In lauding “Crazy Rich Asians” as the Holy Grail for Asians in film, we have set the bar too low. By confining its stars to playing people who are, for the most part, just a summation of their racial identities, the film leaves behind a gap in Asian representation that has yet to be bridged.
The question of whether or not Princeton can be morally justified in having an offshore account hinges on how willing we are to give primacy to the claims of the “goods” provided by the endowment over an evaluation of the endowment’s necessity and efficacy in producing such benefits.
I affectionately joke about the small community living in my Wilson basement being a nudist colony. Despite our limited interaction as nearly strangers, my dorm neighbors and I still have a healthy sense of platonic camaraderie when it comes to accepting the unintended consequences of living with members of the opposite sex in tight quarters.
Rather than trying to “sell” Princeton and build up freshman year as the best time of our lives, the University needs to give equal weight to demystifying the unspoken struggles of the freshman experience.
In our words of disagreement, we can at least choose to exercise a little human empathy for our neighbors and fellow community members to maintain cordiality.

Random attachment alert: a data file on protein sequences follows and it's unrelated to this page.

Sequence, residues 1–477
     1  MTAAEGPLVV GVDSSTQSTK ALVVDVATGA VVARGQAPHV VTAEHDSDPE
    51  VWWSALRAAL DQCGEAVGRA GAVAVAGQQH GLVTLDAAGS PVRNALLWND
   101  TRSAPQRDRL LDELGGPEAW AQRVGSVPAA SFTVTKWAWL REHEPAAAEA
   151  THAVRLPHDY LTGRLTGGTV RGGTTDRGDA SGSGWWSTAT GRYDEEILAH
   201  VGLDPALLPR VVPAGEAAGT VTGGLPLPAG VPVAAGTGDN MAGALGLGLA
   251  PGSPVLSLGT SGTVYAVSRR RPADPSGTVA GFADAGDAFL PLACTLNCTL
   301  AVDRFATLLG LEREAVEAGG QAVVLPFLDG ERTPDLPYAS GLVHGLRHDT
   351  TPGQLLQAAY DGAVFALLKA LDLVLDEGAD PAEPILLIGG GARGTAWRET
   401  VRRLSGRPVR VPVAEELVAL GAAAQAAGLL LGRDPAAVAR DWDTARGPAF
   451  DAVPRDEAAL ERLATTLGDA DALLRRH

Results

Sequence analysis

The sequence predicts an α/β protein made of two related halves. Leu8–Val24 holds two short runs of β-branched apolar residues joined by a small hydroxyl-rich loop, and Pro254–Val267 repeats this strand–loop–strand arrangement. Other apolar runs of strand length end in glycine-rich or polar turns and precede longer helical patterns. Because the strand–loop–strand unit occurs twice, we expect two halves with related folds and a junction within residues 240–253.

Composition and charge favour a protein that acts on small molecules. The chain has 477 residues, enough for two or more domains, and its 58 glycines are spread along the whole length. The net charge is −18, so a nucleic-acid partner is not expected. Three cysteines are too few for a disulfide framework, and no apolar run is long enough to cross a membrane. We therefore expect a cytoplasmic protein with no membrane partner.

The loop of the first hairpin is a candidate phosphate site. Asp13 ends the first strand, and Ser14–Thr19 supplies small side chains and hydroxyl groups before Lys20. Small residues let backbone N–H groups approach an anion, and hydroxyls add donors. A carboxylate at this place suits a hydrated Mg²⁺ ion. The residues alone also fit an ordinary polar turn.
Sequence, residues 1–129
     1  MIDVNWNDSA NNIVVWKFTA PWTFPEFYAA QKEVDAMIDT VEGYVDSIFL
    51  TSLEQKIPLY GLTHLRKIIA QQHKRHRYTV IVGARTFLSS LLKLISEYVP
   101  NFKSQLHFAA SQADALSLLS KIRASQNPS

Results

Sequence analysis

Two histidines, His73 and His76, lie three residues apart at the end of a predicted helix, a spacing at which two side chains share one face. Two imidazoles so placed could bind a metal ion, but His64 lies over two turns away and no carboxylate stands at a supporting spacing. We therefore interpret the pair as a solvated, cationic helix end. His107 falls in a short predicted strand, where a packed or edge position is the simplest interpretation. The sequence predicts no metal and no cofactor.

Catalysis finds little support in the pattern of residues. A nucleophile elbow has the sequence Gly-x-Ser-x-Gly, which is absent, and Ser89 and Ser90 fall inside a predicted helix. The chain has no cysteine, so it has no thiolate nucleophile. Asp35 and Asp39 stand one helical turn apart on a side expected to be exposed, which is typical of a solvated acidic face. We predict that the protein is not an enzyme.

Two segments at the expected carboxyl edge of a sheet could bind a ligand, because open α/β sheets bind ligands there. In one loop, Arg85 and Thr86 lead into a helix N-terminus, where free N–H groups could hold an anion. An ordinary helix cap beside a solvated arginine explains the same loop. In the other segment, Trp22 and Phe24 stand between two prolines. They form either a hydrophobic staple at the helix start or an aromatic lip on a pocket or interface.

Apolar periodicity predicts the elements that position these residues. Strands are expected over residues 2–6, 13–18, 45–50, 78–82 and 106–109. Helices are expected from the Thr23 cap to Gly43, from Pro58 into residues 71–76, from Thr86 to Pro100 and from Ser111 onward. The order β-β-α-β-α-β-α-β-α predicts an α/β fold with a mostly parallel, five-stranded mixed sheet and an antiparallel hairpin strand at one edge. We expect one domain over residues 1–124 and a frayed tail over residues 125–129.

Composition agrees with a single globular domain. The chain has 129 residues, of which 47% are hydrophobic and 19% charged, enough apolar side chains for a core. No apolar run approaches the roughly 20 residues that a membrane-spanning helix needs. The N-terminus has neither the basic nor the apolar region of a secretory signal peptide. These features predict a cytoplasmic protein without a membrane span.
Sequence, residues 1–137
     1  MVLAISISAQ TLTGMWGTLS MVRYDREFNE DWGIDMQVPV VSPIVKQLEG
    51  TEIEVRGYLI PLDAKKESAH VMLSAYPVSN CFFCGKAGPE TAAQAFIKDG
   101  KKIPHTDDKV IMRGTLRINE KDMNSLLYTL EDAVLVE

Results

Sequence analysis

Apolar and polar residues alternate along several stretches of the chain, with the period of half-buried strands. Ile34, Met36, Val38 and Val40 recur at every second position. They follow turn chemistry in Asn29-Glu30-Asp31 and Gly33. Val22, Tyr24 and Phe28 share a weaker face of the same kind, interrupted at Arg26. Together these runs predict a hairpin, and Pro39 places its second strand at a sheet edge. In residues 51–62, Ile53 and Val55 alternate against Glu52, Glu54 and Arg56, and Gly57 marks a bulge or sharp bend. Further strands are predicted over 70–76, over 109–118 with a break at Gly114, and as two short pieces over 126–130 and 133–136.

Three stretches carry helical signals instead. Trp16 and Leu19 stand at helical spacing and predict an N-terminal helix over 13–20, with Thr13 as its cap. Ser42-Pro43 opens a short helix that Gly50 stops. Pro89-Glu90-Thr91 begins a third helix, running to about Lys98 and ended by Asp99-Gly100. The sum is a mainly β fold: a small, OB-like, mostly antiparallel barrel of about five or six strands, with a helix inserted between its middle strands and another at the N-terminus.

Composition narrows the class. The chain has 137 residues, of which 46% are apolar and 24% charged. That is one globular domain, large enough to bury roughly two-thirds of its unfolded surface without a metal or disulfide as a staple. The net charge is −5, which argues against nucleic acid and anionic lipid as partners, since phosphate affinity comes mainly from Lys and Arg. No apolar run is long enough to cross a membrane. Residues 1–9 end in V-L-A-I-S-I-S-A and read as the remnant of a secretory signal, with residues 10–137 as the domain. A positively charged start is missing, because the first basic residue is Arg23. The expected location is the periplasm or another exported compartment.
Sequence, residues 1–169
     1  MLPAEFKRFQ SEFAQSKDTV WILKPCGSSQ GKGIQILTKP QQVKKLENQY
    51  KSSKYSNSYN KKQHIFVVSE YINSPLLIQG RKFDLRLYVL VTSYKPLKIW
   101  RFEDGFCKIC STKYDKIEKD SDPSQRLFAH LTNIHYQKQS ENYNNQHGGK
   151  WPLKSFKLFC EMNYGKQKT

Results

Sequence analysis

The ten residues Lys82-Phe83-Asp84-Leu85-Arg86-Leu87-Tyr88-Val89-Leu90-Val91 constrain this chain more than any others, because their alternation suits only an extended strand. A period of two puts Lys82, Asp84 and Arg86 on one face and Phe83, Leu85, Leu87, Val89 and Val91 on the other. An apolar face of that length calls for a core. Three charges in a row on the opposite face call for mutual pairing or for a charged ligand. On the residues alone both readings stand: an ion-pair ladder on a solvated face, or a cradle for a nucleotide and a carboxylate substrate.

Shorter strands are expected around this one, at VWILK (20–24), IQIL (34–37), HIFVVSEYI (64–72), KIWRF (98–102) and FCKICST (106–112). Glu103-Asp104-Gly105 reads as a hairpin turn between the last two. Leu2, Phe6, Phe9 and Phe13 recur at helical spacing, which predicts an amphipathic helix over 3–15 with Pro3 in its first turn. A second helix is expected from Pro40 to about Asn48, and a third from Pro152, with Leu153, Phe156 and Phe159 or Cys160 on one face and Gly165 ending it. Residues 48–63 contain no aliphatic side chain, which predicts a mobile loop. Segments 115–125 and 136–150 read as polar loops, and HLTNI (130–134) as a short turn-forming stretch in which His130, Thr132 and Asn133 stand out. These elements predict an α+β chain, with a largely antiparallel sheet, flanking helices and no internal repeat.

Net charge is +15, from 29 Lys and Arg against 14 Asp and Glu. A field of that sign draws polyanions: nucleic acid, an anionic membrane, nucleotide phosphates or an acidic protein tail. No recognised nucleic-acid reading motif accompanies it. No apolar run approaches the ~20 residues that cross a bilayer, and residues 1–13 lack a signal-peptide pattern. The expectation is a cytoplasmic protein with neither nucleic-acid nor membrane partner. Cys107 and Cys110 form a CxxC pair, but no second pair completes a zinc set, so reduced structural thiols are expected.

I’ve been thinking about Arthur Brook’s overly simplistic article in the New York Times.
While we may safely agree that Feinstein overstepped constitutional boundaries, we can also acknowledge that the root of her concerns about the separation of church and state has yet to fully be fully addressed within our current legal system.
James Cameron’s criticism of the recent Wonder Woman film as objectifying an icon rather than celebrating feminism is perfectly valid.
President Eisgruber explained that Princeton does consider race in admissions, but that every applicant is nonetheless given “a fair shake.” A truly fair shake would level out the differences in performance resulting from an applicant’s socioeconomic background.
The University is suing the United States Department of Education in an attempt to keep seven years of admissions records hidden from the public. The cover-up is hardly unexpected.